There is just a trio of orchestras in the greater Washington, D.C. region that have a ready reputation (and physical placement) for being the "default" purveyors of symphonic and operatic music: at the Kennedy Center, we have the National Symphony Orchestra and the Opera House Orchestra; at the Music Center at Strathmore, we get visits via I-95 from Baltimore Symphony Orchestra. All of these orchestras are top-rate, and we are lucky to have them, grumblings aside.
The highlight of the program (to these ears) is Samuel Barber's lush Violin Concerto. This year we are celebrating the centenary of this American composer's birth, and as recently as last Thursday, one of Barber's most important advocates Thomas Hampson gave a thrilling recital of the composer's art songs at the Library of Congress' Coolidge Auditorium (preceded by a lecture from authoritative Barber scholar Barbara Heyman), and the Library bestowed its rare Living Legend award at the concert, in tribute to Mr. Hampson's tireless efforts to preserve the American art song, including the legacy of Samuel Barber, through his Hampsong Foundation.
The Alexandria Symphony Orchestra has programmed surely the most often-performed and beloved works from Barber's opus (excepting his overplayed Adagio for Strings that fails, for all its melancholy brilliance, to represent Barber's idiomatic balance of classically-rooted tonality and modernist chromaticism). Performing as soloist is the amazing local virtuoso Jenny Oaks Baker. I had the privilege to film the rehearsal of this work last night, and from what I heard, Maestro Kim Allen Kluge has really gotten it together: the orchestra is in fine form, and Mrs. Baker performs the work with expert nuance and confidence. And of course, the music itself soars. To say that Barber's Violin Concerto is the greatest of its genre that any American composer yet has produced is a view widely held, and not at all preposterous. Mrs. Baker flatters the score among the ranks of famous readings from Nadja Salerno-Sonnenberg, Joshua Bell, Gil Shaham and (my favorite, dating from my mid-'90s crush) Anne Akiko Meyers. Don't miss it.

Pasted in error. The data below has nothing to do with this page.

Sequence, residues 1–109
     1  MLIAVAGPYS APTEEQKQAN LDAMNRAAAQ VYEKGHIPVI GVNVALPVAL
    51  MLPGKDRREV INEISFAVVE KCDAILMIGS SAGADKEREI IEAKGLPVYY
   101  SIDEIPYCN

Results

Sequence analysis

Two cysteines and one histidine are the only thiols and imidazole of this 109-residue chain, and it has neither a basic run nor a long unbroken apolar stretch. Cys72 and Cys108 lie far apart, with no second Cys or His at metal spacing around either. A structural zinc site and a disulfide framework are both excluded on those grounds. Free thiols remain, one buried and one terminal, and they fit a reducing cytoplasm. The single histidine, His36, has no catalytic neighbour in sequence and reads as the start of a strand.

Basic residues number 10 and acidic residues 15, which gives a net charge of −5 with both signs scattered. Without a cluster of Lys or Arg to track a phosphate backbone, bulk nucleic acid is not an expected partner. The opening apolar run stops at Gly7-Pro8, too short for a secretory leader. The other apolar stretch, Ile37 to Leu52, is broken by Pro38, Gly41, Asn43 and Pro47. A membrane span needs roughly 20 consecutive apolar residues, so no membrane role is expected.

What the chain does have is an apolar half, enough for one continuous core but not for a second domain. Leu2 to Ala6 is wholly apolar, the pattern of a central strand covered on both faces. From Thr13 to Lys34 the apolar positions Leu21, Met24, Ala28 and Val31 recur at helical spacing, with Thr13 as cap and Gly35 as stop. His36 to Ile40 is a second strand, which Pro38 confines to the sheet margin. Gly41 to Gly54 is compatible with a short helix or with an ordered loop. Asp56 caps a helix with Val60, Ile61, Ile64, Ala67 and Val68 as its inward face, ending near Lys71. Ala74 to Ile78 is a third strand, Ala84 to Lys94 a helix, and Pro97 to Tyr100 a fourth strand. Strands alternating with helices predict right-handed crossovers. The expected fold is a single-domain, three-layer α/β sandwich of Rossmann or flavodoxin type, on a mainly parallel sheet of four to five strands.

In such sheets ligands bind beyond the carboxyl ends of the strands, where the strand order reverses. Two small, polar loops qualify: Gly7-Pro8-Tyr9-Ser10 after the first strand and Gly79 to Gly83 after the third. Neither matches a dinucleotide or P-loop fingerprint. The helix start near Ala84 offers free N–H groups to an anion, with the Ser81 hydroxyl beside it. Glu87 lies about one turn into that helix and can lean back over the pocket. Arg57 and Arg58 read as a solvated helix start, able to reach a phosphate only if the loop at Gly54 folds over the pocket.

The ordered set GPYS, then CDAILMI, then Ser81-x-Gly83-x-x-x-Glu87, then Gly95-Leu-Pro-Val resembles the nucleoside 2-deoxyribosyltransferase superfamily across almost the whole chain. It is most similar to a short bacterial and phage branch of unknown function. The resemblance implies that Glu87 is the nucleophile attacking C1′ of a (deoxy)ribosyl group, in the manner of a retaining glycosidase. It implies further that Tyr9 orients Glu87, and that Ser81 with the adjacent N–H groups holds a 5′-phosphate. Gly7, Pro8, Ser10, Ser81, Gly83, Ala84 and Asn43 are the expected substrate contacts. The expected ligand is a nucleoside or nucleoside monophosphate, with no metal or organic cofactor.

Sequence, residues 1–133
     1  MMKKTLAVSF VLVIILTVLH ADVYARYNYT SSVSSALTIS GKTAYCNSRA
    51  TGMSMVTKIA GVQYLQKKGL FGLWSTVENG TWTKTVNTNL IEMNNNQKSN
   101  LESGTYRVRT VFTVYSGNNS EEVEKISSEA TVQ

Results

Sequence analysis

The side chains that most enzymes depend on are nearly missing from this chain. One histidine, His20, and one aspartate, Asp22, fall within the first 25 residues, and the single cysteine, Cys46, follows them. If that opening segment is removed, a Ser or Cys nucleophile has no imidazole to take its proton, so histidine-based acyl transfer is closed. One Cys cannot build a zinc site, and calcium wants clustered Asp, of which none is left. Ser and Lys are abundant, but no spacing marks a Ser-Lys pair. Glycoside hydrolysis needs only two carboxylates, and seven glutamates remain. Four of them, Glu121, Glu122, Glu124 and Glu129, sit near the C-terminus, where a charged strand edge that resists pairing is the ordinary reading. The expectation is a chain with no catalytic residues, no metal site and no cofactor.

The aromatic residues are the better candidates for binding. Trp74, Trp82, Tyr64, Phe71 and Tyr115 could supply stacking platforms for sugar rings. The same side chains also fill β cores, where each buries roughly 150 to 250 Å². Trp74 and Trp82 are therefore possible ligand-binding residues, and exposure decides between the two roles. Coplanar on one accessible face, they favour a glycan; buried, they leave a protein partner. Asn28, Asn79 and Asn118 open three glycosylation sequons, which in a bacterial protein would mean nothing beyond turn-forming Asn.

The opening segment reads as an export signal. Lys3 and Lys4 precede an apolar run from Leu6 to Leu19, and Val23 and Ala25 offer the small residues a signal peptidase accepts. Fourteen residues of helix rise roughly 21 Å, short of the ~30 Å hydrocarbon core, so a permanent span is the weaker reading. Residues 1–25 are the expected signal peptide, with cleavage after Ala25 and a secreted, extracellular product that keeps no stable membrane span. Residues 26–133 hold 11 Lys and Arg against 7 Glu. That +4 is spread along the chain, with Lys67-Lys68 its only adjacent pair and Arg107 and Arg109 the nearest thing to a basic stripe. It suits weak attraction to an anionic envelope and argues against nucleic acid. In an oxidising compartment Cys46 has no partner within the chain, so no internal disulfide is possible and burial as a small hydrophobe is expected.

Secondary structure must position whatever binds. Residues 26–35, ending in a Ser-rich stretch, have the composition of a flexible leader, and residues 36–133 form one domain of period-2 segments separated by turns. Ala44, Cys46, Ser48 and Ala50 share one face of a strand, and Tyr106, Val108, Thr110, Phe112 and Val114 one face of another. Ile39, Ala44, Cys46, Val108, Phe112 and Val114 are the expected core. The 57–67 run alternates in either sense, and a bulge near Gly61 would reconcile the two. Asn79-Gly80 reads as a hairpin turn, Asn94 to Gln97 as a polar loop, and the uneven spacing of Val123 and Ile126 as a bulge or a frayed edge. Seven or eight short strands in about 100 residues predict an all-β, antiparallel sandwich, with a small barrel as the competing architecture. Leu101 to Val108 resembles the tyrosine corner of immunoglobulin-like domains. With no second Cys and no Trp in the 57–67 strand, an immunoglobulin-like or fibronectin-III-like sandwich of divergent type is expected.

Rounding out the program is more Americana from Aaron Copland, including excerpts from his Appalachian Spring, and the close relative of variations on its famous Shaker tune by film composer Sam Cardon. You can purchase tickets online or call the box office at (703) 548-0885.
An interview with Music Director Kim Allen Kluge from WETA-FM's Classical Conversations